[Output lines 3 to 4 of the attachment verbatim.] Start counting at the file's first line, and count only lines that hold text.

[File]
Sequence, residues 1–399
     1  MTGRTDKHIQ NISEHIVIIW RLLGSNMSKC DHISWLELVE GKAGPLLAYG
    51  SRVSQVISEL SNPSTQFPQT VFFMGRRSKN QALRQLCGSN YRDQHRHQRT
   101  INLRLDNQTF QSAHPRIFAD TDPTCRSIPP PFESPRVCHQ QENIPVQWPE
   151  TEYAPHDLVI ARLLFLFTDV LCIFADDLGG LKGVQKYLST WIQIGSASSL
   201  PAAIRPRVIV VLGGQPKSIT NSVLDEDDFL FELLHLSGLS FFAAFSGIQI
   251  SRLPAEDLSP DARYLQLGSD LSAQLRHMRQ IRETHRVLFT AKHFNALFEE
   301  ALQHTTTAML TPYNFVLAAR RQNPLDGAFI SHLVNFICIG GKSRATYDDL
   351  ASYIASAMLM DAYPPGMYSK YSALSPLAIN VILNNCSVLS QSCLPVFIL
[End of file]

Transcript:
    51  SRVSQVISEL SNPSTQFPQT VFFMGRRSKN QALRQLCGSN YRDQHRHQRT
   101  INLRLDNQTF QSAHPRIFAD TDPTCRSIPP PFESPRVCHQ QENIPVQWPE